My Religion Stops Where Your Civil Rights Begin
The separation between church (or any religious group) and state is being eroded—and LGBT citizens may pay a high price for that diminishment of our constitutionally protected rights
Contrary to what we are often told, religious freedom is not under attack in America, nor is it being undermined by government. I am free to believe whatever my religion teaches, to proclaim the tenets of my faith to any who will listen, and to practice my religion (pray, bless, marry and bury, and attempt to convert others to my way of understanding God/religion). The government even allows me to deduct my contributions to my church as a charitable exemption.
What is at issue is this: where does my religion end and your rights begin? Does my freedom to exercise my religion extend to denying you your rights under the Constitution? Religion must never be allowed to take precedence over the laws and rights as expressed in our Constitution.
Earlier this year, a Colorado court found that a baker who refused to provide a wedding cake for a gay couple’s wedding was in violation of Colorado’s anti-discrimination law. The case moved to the Supreme Court, where they ruled—on very narrow grounds—that the baker wasn’t handled with proper respect and overturned the original ruling. This sends a terrible message to conservative, anti-gay religious people that they have every right to discriminate—and use religion as a license to discriminate.
As I approach a time when I will need long-term medical attention and end-of-life care, I am alarmed that certain long-term care facilities may be allowed to deny me admission and services based on their religious condemnation of LGBT people. Recent research by SAGE, the Movement Advancement Project (MAP), and Columbia Law School’s Public Rights/Private Conscience Project shows that as many as 85 percent of continuing care facilities are affiliated with a religious institution. Fourteen percent of hospitals in this country are also connected with a religious entity.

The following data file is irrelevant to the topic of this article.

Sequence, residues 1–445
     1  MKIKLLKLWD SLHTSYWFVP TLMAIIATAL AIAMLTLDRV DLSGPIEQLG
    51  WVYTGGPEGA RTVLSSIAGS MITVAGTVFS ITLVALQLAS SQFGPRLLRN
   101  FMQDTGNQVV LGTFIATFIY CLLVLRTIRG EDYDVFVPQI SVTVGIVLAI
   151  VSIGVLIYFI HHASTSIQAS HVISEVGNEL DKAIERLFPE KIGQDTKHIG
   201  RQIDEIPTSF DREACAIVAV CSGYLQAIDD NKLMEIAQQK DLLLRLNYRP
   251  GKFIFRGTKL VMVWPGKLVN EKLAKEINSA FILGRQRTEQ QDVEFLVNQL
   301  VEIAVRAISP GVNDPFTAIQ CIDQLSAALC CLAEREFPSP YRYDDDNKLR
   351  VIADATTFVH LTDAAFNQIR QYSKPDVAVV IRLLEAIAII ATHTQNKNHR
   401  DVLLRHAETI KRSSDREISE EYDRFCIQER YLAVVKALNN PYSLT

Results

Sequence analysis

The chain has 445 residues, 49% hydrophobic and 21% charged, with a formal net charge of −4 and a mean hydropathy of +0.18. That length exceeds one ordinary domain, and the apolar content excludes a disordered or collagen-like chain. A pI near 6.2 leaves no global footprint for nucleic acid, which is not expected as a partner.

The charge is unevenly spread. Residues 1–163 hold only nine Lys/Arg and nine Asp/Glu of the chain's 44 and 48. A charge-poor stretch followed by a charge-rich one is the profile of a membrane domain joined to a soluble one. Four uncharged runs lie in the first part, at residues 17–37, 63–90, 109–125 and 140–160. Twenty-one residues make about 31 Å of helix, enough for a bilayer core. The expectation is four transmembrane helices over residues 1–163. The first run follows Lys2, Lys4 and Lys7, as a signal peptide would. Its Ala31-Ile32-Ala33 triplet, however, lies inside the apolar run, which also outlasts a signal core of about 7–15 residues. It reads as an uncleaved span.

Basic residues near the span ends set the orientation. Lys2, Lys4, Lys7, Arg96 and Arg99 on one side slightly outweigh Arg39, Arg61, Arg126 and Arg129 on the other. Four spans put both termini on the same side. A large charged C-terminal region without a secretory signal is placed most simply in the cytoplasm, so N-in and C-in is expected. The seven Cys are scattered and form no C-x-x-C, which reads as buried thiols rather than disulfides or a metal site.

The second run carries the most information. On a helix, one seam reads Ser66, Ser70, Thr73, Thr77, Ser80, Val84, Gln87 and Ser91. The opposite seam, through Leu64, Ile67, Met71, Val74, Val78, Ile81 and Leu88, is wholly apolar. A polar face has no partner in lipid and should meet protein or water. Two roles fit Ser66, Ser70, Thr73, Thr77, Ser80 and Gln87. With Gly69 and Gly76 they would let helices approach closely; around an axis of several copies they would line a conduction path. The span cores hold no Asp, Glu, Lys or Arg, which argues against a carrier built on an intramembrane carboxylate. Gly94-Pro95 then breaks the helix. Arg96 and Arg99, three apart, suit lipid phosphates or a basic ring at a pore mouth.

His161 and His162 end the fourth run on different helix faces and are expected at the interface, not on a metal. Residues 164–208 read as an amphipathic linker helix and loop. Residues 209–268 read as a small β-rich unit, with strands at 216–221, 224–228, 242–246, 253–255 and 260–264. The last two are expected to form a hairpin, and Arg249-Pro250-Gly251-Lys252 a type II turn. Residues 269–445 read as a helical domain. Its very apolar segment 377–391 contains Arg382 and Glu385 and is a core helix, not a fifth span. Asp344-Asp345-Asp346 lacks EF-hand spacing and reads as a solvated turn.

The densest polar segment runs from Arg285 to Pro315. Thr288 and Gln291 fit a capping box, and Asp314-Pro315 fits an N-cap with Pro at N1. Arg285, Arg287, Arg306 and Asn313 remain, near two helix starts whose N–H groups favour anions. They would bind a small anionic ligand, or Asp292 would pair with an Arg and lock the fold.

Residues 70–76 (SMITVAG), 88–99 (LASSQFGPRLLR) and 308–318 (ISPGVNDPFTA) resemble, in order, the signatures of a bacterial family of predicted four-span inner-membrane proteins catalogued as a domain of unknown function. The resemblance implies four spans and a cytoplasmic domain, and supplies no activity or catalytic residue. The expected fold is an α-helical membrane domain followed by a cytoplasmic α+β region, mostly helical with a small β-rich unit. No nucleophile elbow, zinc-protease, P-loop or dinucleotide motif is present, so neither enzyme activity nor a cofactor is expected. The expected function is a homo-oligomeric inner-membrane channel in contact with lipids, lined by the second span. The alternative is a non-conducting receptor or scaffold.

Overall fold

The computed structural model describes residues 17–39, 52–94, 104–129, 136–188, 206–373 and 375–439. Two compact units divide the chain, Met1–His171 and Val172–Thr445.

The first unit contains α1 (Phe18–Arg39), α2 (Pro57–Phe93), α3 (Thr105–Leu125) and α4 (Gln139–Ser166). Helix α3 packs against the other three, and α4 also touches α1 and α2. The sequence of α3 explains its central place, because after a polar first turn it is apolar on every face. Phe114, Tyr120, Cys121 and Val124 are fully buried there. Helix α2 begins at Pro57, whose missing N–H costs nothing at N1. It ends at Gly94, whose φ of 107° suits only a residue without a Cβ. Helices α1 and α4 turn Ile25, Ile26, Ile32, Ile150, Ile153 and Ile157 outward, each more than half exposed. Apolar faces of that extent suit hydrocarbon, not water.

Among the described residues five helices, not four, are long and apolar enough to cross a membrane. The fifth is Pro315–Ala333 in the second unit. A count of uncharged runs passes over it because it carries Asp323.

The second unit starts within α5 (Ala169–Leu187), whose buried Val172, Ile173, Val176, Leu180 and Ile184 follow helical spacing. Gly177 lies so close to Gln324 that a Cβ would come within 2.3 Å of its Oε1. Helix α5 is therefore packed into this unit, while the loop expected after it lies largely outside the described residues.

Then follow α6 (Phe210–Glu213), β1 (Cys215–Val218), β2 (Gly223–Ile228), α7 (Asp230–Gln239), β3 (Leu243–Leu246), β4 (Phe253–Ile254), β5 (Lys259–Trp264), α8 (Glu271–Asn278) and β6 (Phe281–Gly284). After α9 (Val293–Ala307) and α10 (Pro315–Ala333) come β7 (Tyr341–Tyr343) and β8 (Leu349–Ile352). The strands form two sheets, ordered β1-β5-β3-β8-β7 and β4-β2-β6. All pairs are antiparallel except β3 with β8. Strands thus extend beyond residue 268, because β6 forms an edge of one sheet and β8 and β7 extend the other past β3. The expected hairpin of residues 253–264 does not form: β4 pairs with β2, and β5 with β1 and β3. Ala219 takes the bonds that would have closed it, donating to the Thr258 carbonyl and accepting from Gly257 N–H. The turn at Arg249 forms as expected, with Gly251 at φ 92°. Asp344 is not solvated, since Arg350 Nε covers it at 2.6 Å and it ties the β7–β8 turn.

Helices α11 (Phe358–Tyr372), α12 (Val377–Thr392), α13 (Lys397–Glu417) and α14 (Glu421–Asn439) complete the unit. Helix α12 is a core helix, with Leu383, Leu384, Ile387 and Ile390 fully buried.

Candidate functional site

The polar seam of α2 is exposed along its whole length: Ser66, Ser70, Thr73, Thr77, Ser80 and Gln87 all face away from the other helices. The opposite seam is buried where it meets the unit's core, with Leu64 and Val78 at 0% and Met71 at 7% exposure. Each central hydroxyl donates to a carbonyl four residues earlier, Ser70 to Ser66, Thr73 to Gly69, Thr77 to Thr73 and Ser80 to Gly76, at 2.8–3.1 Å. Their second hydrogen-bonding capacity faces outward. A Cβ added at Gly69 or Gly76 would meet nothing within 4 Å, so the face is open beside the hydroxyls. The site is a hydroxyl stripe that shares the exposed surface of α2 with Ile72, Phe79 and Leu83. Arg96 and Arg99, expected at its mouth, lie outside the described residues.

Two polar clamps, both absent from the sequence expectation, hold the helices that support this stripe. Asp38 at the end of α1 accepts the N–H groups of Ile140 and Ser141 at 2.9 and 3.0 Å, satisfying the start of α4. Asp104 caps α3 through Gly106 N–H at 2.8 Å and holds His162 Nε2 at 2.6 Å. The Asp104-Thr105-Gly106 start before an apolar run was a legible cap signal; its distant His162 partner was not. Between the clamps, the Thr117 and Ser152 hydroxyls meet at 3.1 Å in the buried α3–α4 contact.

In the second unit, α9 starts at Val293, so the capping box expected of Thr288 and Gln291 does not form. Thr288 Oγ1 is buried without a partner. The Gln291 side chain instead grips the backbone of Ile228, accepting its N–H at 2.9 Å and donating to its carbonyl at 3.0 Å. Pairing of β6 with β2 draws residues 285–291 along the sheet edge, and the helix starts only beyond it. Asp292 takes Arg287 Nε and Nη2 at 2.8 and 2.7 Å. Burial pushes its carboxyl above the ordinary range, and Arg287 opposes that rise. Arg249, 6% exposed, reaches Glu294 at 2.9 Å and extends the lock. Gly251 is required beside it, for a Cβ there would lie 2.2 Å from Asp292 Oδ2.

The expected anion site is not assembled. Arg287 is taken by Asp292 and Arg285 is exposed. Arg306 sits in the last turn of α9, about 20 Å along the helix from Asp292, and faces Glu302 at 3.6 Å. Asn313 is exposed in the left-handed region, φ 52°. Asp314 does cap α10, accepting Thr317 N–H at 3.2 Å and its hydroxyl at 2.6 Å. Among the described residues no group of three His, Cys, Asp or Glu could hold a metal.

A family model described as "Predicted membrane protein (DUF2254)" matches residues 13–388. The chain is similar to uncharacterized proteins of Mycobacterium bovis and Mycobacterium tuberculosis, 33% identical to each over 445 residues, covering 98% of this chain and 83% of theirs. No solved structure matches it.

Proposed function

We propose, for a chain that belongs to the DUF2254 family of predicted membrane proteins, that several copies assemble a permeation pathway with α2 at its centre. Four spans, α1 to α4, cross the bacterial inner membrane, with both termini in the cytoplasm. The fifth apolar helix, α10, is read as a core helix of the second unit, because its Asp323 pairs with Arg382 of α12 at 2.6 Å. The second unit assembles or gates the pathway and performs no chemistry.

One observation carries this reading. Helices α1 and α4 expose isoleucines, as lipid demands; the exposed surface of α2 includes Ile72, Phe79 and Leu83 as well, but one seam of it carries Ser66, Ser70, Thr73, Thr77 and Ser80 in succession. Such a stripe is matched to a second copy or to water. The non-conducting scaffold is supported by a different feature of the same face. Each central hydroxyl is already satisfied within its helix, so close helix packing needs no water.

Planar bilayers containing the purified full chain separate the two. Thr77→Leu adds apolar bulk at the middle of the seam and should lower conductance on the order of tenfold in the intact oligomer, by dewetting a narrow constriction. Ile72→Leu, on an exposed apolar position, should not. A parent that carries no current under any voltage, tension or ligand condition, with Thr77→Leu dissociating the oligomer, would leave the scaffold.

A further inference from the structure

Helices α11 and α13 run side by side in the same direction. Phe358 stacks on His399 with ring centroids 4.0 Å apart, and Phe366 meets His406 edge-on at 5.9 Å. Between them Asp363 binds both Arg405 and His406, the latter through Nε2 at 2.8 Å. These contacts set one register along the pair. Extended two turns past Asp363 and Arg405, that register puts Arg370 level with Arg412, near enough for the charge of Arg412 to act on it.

In long-term care, same-sex partners or spouses may be denied the opportunity to share their housing, and a same-sex spouse may not be included in decision making in the ways a heterosexual spouse would. Happiness and security for LGBT elders may be tenuous and determined more by geography than by the law. More than half of states still have no protections for LGBT people! That’s why I supported SAGE when it launched Care Can’t Wait, a campaign that specifically targeted religious-based discrimination in long-term care facilities by asking care providers, people of faith, and all who believe in caring for our community members to take a pledge to stand with LGBT elders in the face of discrimination.
Religious leaders of all kinds should take offense at this weaponization of religion to harm an already-vulnerable population. Our constitutional guarantee of freedom of religion gives you the right to believe and worship as you will. But as a gay elder, my citizenship should protect me from your religion.